I recall reading on more than one occasion that beer will absorbe more carbon dioxide quicker at cold temperatures. So, by telling BS what temperature you?re conditioning at, BS will give you a more accurate amount of priming sugar for the batch.  I believe you?re adding too much priming sugar to condition at a cold temperature.  But to test this prediction, change the temperature in BS and see the priming sugar addition change.

Hope this helps!

Offline rx35285

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Re: Chilling and carbonation
« Reply #4 on: December 04, 2017, 07:49:11 PM »
I've been struggling with bottle over carbonation, too, and I'd like to know how much the head on a "typical" pour is reduced if I reduce priming sugar by 10%.

I've been doing lots of forum research and concluded the temperature that goes in BS is the temperature at which you were fermenting just before the beer goes into the bottling bucket.  This tells Beersmith how much CO2 is already dissolved in the beer because, as KellerBrauer says, dissolved CO2 depends on temperature.  Now I wish I'd copied and saved the posts that explained that.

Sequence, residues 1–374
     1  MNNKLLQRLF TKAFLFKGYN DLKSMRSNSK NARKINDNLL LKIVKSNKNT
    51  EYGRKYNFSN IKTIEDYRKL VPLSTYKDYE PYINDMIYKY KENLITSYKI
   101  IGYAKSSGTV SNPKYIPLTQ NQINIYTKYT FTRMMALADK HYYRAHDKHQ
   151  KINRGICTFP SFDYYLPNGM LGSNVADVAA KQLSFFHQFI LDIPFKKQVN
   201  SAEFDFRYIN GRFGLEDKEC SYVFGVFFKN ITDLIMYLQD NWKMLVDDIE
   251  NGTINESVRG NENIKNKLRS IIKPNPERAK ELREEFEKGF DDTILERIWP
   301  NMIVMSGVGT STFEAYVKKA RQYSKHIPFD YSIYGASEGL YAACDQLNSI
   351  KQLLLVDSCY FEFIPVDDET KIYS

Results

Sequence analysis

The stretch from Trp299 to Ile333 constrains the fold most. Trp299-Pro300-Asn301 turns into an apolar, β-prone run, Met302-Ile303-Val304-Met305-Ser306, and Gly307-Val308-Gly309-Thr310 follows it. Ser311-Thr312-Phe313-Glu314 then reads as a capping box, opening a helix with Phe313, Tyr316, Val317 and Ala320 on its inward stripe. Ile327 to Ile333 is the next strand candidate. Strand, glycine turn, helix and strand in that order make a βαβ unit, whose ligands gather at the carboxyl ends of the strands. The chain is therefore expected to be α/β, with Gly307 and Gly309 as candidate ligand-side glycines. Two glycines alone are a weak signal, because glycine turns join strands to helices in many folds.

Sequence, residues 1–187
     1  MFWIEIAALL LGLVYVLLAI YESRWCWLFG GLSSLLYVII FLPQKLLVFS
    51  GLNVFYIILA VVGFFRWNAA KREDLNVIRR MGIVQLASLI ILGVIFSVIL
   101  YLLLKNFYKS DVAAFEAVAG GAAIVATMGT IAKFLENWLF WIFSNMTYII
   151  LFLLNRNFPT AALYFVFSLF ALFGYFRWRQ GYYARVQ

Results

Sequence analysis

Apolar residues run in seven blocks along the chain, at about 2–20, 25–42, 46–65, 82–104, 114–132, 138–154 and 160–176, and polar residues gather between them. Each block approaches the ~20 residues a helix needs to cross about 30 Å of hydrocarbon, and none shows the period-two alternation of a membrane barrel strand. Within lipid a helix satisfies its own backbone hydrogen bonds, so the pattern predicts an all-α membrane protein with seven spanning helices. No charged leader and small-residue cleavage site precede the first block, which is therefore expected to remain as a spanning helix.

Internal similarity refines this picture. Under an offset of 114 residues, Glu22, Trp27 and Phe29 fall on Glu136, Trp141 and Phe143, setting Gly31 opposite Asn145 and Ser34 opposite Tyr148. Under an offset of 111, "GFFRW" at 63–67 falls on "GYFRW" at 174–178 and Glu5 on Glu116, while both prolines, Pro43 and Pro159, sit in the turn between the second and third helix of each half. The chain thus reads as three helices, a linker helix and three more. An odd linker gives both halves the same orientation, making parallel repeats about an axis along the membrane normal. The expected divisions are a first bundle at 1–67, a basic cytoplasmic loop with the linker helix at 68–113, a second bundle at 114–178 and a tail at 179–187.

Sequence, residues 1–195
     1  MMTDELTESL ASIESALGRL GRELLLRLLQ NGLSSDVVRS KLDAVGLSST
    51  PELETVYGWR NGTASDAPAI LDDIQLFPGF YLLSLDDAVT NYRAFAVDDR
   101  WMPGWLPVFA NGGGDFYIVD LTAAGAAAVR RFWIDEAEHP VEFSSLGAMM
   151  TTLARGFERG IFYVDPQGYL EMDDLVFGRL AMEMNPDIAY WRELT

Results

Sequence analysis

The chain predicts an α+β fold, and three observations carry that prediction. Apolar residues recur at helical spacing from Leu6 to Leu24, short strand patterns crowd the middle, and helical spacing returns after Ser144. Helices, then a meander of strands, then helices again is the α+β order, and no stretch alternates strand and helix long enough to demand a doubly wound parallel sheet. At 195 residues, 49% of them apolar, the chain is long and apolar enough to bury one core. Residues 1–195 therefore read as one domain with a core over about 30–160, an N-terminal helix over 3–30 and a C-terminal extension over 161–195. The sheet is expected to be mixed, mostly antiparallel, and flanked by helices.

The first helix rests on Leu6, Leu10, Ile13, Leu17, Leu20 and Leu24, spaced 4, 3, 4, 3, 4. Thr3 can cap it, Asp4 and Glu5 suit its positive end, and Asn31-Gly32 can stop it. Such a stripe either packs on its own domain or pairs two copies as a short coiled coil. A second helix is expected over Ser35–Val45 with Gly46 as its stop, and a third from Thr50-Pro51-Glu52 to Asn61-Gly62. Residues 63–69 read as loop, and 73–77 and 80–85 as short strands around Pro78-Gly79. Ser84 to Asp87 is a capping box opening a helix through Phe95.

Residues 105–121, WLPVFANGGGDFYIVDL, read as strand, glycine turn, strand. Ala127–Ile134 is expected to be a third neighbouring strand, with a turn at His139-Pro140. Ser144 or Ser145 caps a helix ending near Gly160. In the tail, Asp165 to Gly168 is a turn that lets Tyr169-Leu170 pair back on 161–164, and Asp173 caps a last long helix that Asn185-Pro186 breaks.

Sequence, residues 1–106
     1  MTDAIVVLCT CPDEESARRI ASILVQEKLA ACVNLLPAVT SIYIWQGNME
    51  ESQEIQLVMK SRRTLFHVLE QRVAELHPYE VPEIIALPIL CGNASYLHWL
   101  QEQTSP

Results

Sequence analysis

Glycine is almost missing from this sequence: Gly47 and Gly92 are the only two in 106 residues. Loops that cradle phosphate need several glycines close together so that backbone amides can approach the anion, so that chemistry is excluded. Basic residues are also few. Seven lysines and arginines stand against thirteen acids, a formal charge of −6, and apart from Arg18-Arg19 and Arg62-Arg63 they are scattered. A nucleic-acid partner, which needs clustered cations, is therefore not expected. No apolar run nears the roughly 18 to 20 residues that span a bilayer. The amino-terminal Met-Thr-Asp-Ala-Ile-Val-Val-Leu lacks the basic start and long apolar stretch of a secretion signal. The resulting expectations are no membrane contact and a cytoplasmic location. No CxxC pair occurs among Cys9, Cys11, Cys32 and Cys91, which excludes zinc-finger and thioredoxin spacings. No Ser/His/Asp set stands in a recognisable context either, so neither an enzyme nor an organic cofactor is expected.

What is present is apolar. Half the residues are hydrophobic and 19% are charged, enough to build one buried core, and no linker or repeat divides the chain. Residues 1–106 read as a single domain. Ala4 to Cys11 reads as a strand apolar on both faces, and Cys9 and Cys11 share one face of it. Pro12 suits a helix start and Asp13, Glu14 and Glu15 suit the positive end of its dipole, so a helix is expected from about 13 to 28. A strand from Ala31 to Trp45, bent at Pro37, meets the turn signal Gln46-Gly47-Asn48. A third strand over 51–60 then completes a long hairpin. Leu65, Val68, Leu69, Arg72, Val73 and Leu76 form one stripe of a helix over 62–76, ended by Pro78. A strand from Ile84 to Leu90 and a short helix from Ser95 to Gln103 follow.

Also, if you mouse over the temperature in the carbonation profile, you get a little pop-up, "Temperature of the beer when bottling or for storing a keg".

Further experimenting with the carbonation profile set to 2.2 vols and 65*, gave me 3.16 oz table sugar for bottling vs 1.58 oz for kegging with priming agent.  Why would that be???

I used to think that the temperature to put into BS is the conditioning temperature, but this seemed counter intuitive because all of the sugar is going to ferment out as long as the temperature is withing a viable range for the yeast.  The resulting CO2 has to dissolve into the beer or explode the bottle.  We don't get bottle bombs by conditioning at too high of a temperature.  We get them by not letting the beer fully attenuate and/or adding too much priming sugar.

I hope this adds a little value to the conversation.

KellerBrauer

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Re: Chilling and carbonation